There’s been quite a bit of debate in the press about the new .sucks top level Internet domain, including this article in the New Zealand Herald. It does have its proponents, of course. The nic.sucks website claims that it can be used to ‘foster debate’ and ‘share opinions’. They suggest that it is valuable for cause marketing, consumer advocacy, anti-bullying etc. I can’t help wondering why other less infantile domains can’t be used for these worthy causes. In fact, of course, it’s just a free-for-all that makes individuals and organisations have to run around paying stupid prices for these domains just to protect themselves from Internet trolls. Obviously no-one could have seen that coming, right?
The body responsible for allowing new domain names is ICANN, the Internet Corporation for Assigned Names and Numbers, which claims to be a ‘not-for-profit public-benefit corporation’. I do wonder about the public benefit aspects. The socially aware and compassionate people who suggested the SUCKS domain name were Top Level Spectrum, Inc., Vox Populi Registry Inc. and Dog Bloom, LLC. All concerned charities with our welfare at heart, I’m sure. Vox Populi also won the auction to have the right to extort money from everyone wanting to defend themselves from this domain name. The three SUCKS entries were some of the 1,930 suggestions received by ICANN for new top level domain names in 2012. You can see the full list at http://money.cnn.com/infographic/technology/new-gtld-list/. Most of them were reasonably sensible, if largely self-serving, with lots of corporations wanting their own domains. There were, however, several stupid and destructive suggestions that were clearly rejected out of hand. These included SEX, SEXY, WTF and SUCKS… oh, wait…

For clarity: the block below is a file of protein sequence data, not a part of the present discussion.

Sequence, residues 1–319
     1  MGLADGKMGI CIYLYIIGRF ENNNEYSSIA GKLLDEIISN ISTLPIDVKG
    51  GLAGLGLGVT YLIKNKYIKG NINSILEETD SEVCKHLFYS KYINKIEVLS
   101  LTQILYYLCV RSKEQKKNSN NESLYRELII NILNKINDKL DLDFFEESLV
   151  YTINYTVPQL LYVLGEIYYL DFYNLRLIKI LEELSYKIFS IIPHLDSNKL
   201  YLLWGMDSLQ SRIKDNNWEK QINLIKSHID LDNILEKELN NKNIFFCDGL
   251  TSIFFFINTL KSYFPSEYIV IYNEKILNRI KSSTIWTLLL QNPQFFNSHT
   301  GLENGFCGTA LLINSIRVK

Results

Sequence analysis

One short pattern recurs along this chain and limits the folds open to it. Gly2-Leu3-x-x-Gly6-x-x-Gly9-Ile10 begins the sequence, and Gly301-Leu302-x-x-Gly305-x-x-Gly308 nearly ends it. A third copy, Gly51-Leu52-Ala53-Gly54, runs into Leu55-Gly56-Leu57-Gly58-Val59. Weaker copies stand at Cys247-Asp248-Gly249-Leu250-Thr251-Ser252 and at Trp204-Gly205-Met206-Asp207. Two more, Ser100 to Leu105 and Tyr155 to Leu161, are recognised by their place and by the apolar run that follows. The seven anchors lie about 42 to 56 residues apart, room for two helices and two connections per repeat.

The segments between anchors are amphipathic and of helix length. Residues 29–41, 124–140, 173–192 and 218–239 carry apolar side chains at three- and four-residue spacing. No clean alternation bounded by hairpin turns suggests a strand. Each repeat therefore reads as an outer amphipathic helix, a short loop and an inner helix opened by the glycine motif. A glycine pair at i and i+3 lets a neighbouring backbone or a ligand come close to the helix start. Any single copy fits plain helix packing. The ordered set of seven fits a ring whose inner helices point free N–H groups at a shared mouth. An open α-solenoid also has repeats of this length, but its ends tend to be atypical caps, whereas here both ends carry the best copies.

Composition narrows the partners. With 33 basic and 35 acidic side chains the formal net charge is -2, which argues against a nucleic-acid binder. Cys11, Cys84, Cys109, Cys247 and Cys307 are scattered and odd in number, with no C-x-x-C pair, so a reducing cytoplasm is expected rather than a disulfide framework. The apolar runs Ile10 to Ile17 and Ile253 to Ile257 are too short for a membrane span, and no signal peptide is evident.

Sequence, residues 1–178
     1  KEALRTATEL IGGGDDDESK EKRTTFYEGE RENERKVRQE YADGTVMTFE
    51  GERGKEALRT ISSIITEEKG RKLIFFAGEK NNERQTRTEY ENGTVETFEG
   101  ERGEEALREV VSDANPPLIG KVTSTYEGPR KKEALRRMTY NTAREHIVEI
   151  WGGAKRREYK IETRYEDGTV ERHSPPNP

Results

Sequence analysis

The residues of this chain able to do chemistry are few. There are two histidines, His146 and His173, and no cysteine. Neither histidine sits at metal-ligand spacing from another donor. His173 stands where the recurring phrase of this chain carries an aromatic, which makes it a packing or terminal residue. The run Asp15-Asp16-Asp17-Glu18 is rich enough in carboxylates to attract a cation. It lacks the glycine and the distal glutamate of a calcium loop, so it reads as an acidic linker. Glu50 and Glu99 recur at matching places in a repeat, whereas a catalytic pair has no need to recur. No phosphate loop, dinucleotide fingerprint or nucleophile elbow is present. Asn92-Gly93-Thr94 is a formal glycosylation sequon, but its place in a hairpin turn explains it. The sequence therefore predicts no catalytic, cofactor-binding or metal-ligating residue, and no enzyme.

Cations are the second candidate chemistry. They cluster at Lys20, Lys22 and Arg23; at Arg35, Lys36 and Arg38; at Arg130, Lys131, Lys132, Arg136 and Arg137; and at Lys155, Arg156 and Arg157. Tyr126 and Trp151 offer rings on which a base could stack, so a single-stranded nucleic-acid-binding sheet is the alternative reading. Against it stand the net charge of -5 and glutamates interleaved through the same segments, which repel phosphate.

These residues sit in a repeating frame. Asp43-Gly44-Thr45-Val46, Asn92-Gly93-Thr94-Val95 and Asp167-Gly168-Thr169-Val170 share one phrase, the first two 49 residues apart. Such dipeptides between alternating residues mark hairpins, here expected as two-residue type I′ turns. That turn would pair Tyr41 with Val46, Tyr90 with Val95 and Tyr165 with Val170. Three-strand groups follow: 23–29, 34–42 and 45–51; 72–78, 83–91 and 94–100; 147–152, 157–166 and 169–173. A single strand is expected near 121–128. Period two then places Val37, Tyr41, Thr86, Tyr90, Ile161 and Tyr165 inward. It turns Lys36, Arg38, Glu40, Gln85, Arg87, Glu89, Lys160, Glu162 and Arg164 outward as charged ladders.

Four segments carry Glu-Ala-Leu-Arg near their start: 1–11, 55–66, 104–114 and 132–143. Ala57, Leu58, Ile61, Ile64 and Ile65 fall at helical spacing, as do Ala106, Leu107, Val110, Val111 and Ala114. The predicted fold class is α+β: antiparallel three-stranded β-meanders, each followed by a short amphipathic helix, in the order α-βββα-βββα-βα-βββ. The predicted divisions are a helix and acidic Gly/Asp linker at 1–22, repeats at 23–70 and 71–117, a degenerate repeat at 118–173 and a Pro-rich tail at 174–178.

I suppose if you make more than half a million dollars from the faceless corporations who suggest a domain like SUCKS (that’s just for making the suggestions – each one cost $185,000) you owe them back, however much collateral damage you cause in the process. Not to mention the millions of dollars you can make from selling the rights to the domain itself, as this list of domain auctions shows. ICANN are now running around trying to close the stable door after the horse has bolted. Too little, too late.
It will be interesting to see who ends up as the owner of http://www.icann.sucks